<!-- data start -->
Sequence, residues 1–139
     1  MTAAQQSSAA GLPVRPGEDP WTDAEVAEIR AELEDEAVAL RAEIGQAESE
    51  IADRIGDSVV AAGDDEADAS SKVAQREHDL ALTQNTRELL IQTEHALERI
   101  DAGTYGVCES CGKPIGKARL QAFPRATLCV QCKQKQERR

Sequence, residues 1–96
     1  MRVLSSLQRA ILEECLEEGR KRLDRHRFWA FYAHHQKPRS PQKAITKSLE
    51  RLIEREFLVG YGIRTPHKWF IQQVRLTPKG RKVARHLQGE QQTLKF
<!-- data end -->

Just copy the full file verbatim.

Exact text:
Sequence, residues 1–139
     1  MTAAQQSSAA GLPVRPGEDP WTDAEVAEIR AELEDEAVAL RAEIGQAESE
    51  IADRIGDSVV AAGDDEADAS SKVAQREHDL ALTQNTRELL IQTEHALERI
   101  DAGTYGVCES CGKPIGKARL QAFPRATLCV QCKQKQERR

Sequence, residues 1–96
     1  MRVLSSLQRA ILEECLEEGR KRLDRHRFWA FYAHHQKPRS PQKAITKSLE
    51  RLIEREFLVG YGIRTPHKWF IQQVRLTPKG RKVARHLQGE QQTLKF